“Tonight we mark the end of one historic journey with the beginning of another — a journey that will bring a new and better day to America,” said Barack Obama in St Paul, Minnesota, earlier this week.
He had taken the stage for his Democratic nomination victory speech to the sounds of U2’s ‘Beautiful Day’.
It was a grateful message, for a domestic audience, at the end of a bruising and extended primary campaign. And this November, let’s hope for a better day, not just for America, but far beyond as well.
“Now would I give a thousand furlongs of sea for an acre of barren ground”
– The Tempest, Act 1, Sc.1
“Full fathom five thy father lies” – The Tempest, Act 1, Sc. 2
The sky is falling all around me as the winter afternoon is fading. Down, down we glide, towards the North Atlantic. Three thousand miles of unforgiving sea are all behind us and ahead lies just a pinprick of green holding out against the blue-grey vastness of the ocean.
The rain lashes against the windows as our wings bank on the approach, the landing lights looming nearer in the dusk. A rugged landfall, but now we’re safe.
Outside the airport and across the causeway, a deluge is raging in sheets across the road, the palm trees swaying wildly in the storm. The evening washes itself wet and windswept upon the shore. Continue reading
So reads the street sign, and everything they say is true. The sky, the buildings, the cars, the winter weather – they all seem so much bigger here.
Downtown, early morning. A fading twilight was lifting above the Astrodome when I peered out through the curtains five minutes ago, and now it’s nearly daybreak.
The eastern horizon is promising cool and blue and cloudless – a perfect Texas dawn is calling. For now, Houston has a sleepy air, the metropolis still dappled and drowsy and awaiting the day.
If you want to know a city, just run through it streets, and look up and all around you. Breathe its atmosphere and history, and immerse your soul in the rush before your eyes.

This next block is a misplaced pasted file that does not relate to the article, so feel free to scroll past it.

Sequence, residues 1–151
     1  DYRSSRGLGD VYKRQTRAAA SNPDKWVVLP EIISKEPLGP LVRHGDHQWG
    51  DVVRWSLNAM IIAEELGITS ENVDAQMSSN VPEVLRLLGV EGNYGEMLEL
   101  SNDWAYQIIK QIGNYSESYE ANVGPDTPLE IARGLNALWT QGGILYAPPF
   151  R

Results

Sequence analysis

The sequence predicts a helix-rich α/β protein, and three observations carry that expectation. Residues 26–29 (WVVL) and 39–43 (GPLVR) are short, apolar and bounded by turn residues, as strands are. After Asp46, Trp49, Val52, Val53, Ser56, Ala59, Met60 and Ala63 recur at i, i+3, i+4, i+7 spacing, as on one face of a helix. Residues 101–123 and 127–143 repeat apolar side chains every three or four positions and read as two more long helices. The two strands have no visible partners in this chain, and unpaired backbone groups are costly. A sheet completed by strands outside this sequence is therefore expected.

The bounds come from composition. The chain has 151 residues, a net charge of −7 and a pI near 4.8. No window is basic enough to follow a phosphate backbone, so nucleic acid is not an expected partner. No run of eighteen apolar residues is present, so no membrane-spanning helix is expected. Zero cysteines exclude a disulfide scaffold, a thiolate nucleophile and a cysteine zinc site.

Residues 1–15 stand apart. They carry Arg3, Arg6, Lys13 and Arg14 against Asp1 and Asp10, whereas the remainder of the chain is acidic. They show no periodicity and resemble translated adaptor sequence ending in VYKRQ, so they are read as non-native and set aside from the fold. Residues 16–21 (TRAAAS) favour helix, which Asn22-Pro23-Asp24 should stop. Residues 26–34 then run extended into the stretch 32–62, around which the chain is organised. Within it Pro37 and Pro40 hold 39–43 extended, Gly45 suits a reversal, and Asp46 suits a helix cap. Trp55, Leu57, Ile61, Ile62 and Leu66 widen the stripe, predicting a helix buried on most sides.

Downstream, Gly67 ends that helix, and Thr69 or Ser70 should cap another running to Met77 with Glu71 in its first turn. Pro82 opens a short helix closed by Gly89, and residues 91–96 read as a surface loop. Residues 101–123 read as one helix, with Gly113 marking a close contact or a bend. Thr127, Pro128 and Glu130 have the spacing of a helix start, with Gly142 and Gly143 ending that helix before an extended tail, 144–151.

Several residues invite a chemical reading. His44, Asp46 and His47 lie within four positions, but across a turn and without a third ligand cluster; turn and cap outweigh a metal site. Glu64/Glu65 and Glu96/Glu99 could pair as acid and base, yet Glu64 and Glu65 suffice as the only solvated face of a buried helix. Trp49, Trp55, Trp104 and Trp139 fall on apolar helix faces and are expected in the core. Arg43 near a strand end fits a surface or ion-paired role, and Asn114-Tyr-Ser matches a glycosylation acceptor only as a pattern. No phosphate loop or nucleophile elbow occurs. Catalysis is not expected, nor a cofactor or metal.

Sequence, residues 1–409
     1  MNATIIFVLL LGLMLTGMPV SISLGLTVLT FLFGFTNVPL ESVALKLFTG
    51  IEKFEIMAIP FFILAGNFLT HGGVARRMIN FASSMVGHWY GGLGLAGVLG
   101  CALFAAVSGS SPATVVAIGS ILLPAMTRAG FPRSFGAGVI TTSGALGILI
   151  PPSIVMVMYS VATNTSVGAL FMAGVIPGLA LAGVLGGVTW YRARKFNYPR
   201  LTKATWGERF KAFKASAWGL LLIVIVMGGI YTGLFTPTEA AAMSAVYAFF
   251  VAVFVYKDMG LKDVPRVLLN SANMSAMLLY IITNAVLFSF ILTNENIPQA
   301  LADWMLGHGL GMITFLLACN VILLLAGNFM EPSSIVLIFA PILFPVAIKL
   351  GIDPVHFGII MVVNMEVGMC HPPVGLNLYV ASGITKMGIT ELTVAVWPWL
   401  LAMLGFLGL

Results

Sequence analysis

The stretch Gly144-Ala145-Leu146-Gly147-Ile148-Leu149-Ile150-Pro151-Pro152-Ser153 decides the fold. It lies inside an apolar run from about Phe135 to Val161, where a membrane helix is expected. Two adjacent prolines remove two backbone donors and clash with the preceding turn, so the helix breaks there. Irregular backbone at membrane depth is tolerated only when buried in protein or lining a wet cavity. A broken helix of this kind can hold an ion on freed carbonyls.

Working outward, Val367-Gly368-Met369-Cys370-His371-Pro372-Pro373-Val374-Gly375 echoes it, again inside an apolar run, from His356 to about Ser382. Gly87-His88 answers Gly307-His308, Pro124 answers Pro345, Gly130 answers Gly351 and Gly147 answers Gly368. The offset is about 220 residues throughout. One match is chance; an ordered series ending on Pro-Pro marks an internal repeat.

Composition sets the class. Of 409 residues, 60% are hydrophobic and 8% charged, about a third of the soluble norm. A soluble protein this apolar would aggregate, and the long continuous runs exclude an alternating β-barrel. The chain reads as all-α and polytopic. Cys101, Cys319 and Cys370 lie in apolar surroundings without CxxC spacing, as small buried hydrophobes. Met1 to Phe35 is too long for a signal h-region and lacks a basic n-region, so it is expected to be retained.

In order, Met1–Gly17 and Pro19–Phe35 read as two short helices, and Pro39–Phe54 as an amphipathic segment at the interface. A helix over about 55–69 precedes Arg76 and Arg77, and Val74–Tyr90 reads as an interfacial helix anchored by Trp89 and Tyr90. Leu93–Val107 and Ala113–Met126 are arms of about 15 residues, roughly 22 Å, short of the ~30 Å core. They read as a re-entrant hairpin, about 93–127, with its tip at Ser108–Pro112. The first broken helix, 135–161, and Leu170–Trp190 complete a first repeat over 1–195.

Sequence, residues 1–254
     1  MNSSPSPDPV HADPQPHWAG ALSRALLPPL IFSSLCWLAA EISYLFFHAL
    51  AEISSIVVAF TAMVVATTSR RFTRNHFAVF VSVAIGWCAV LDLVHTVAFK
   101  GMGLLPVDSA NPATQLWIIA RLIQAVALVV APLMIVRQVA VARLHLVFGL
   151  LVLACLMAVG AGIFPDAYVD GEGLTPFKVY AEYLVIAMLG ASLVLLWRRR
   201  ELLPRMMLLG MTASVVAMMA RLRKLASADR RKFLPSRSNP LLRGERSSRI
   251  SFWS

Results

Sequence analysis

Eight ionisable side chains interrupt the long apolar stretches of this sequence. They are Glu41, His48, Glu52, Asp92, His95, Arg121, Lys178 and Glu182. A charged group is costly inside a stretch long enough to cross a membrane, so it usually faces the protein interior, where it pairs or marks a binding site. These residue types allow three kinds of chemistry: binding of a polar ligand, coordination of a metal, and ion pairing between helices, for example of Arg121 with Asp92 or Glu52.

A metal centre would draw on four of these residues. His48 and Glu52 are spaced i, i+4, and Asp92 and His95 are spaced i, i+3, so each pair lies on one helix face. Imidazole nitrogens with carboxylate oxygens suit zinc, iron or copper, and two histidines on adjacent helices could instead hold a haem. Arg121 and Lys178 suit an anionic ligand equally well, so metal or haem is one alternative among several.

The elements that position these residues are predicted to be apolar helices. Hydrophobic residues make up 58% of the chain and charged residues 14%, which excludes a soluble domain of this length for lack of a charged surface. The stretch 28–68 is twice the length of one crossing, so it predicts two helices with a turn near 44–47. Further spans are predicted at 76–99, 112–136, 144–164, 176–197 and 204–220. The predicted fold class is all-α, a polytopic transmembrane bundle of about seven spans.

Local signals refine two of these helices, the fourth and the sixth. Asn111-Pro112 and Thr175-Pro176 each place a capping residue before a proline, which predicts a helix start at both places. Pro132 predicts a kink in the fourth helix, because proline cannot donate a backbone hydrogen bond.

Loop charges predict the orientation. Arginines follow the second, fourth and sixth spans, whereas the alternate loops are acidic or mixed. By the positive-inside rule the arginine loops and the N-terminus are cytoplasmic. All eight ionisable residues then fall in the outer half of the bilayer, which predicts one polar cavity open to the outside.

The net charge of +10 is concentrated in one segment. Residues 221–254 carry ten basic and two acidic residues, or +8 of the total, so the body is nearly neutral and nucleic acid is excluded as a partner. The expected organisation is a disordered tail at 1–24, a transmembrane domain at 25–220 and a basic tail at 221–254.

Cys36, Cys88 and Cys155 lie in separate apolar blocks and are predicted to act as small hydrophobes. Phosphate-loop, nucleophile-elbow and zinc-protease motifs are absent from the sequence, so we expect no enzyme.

Live a different life, for a few brief footsteps, and surrender your mind to the wanderings of your feet. Lose yourself.
So. Farewell then
Barack Hussein Obama
The Audacity of Hope
For five January days
The world could change
And then New Hampshire
They’d changed their minds
With apologies to EJ Thribb (17 ½)
* * * * *
To mark the start of USA 2008 this column is taking temporary residence deep in the snows of New Hampshire.
Please see From Scratch for a specially syndicated Roads of Stone, reporting on the US primaries.
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84. Election Special
110. The hands that built America – Houston skylines
148. Farewell to Tony Blair
4. GO British ! Chicago Marathon 2002
17. It’s puzzling – a letter on Iraq, to Tony Blair
71. How the West Was Won – Iraq implodes
‘Sure as hell that didn’t work, but I finished the sucker eventually,’ mumbled downbeat, unshavenly scruffy lawyer Joel F Bradstock, to no one in particular.
His nicotine-stained fingers trembled slightly now as he rolled another cigarette and pulled hard on the half-drained bottle of Bushmills beside him.
A minute went by as he let the long-awaited dawn rise up over the city. He could hear high heels in the stairwell now, so he hurriedly fumbled the friendly bottle amongst the chaotic slew of box files, safely out of Rita’s sight.
He’d have to conquer the single malt habit eventually, but Monday never was a good day to start that struggle.
If life evolves steadily from one species to another, then why do homo sapiens and chimpanzees still co-exist ? That’s a classic question, and one which goes right to the heart of evolution.
It’s important to our understanding of how all life forms develop, and to reconstructing the the evolution of early man (thanks to Ella for the link).
The point is that whilst evolution is a slow process, the mechanism which allows change to happen is not a gradual one at all. We might see Darwin’s drawings of Galapagos finches as a continuous spectrum of evolutionary development, but perhaps that sketch gives quite a false impression of how evolution really works.
When evolutionary change takes place, it does so rapidly and abruptly.